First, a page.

Leslie Uggams hopes to bring “Uptown, Downtown” to Boston. (Photo courtesy of www.nydailynews.com)
Leslie Uggams loves to sing “Stormy Weather,” but her robust voice remains as sunny as ever. The 67-year-old singer and actress proved as exuberant and resonant as ever in a 70-minute musical trip through her long career entitled “Uptown, Downtown.” The title of her smartly conceived show alludes to her long and distinguished career in musical theater — stretching from her early work at Harlem’s famed Apollo Theatre (between the ages of 9 and 16) through her 1968 Tony Award-winning performance in “Hallelujah, Baby!” to a recent stint alongside James Earl Jones in a moving Broadway revival of “On Golden Pond.”
Her show-stopping rendition of “Stormy Weather” near the end of her wide-ranging program on Oct. 10 augured well for her on-going efforts to take a musical by the same name about Lena Horne to Broadway.
That musical has so far played to acclaim in Philadelphia and Pasadena, and Uggams — clearly feeling the love of her audience — declared, “We need to bring it to Boston (as a pre-Broadway tryout).
“Savvy producers should gladly sign her and the show after seeing “Uptown, Downtown.” Decked out in a bespangled gown and moving nimbly across the Reagle stage to the rich accompaniment of a tuxedo-clad quintet, she performed with the power and soulfulness of a true diva.
Sharing glowing memories of a career that already spans six decades, she paid homage to such influences as Ella Fitzgerald with a playful “A Tisket,A Tasket” and Dinah Washington with a gutsy “I Wanna Be Around.”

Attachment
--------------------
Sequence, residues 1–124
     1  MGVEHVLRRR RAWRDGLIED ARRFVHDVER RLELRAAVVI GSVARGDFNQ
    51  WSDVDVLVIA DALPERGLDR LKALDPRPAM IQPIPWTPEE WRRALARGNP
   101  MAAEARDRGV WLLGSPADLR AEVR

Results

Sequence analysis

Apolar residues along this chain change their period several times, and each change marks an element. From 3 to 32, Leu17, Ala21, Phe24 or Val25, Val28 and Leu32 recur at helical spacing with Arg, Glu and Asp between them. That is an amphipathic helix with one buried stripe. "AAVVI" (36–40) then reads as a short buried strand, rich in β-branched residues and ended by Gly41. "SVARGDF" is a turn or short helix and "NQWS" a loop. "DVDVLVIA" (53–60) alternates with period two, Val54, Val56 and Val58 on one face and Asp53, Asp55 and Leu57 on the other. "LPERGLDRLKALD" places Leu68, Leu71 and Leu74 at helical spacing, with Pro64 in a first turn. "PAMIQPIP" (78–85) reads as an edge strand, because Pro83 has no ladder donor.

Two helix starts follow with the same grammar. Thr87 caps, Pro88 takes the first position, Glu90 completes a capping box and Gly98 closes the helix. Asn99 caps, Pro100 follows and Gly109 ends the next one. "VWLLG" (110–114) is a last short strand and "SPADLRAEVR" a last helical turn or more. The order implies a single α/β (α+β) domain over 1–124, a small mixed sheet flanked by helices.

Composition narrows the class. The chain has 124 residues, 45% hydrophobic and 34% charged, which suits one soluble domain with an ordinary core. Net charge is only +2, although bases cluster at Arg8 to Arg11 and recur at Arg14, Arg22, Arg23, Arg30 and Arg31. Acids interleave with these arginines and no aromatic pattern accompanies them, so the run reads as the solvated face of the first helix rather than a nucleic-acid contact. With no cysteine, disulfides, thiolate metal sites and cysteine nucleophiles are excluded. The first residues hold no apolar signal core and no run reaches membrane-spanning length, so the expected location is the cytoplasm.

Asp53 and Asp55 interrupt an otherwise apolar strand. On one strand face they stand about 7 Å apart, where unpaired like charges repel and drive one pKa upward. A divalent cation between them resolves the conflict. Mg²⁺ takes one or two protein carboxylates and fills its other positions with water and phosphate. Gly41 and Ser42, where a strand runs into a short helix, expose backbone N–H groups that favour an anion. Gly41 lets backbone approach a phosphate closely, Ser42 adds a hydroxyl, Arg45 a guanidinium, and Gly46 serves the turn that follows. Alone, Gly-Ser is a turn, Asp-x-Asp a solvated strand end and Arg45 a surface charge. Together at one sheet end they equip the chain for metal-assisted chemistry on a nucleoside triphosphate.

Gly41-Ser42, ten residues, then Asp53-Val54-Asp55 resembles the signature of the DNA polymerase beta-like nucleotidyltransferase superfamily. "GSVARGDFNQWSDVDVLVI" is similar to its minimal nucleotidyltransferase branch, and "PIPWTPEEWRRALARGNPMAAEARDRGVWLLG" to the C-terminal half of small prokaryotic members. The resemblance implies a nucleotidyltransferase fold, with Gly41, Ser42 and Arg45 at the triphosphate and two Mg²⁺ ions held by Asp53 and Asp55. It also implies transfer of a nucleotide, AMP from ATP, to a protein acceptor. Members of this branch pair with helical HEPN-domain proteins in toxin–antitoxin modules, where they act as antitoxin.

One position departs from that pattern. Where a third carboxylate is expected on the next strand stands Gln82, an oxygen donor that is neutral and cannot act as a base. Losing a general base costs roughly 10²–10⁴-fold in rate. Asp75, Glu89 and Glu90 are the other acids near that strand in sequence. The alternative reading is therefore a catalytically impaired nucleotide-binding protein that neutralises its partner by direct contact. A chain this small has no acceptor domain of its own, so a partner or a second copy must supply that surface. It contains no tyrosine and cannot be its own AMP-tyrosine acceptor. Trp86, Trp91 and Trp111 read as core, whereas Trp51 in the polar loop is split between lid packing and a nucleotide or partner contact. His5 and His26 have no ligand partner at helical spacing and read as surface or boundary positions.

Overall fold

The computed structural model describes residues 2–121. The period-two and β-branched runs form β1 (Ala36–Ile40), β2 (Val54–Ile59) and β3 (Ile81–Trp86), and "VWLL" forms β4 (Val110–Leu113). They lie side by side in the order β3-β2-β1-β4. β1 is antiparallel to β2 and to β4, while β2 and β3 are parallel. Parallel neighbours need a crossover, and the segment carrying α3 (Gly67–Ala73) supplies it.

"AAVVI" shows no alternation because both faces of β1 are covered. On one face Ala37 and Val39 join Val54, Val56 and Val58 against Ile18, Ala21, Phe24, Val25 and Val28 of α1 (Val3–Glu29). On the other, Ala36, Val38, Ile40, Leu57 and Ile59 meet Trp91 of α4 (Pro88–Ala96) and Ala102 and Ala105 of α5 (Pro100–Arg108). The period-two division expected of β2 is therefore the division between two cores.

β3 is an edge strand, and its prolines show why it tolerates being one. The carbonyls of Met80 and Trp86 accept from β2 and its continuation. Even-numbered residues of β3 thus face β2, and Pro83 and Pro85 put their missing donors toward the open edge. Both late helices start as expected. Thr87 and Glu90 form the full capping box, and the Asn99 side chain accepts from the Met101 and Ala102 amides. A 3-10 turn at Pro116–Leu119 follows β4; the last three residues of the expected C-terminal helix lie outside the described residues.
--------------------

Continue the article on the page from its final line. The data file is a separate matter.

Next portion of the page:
She brought her remarkable combination of wide range and sharp technique to American songbook standards as different as “Them Their Eyes,” “Up a Lazy River” and “You Made Me Love You” — giving the last of these a definitive delivery. Uggams sang a lush cover of the Drifters hit “Up on the Roof “ with a vibrant guitar solo by Steve Bargonette. Her dynamic finish on the Jerry Herman gem “If He Walked into My Life” reminded this critic of her memorable earlier work in the Boston run of “Jerry’s Girls.”
The pleasures of her performance extended to other premiere composers besides Herman. “Uptown, Downtown” opened with an excerpt from “Rhapsody in Blue” — Dan Block notable on clarinet — and Uggams appealingly dramatic on the “Porgy and Bess” chestnut “There’s A Boat That’s Leaving Soon for New York.”
Later she would return to George Gershwin repertoire for a gorgeous “Summertime” and a sassy “I Got Plenty of Nothin’.”
All three selections suggested that it is high time that Uggams record at least one Gershwin collection. After her performance, she did tell the Banner that she would like to do just that. Her exuberant rendition of “New York, New York” near the start of the show made an equally compelling case for a Leonard Bernstein album and a tribute to premiere lyricists Betty Comden and Adolph Green.
If you cannot get enough of Uggams — and who can? — look for her recent CD “On My Wait to You.” Besides a wistful performance of the title song, look for such standouts as a moderate tempo “The Windmills of Your Mind,” a sensuous “How Do You Keep the Music Playing” and a snappy “What Are You Doing the Rest of Your Life?”
Also look for the indefatigable Uggams as a caring grandmother raising three siblings in the 2010 independent film “Toe to Toe,” which focuses on the friendship of two lacrosse-playing school-girls — one African American and the other white.
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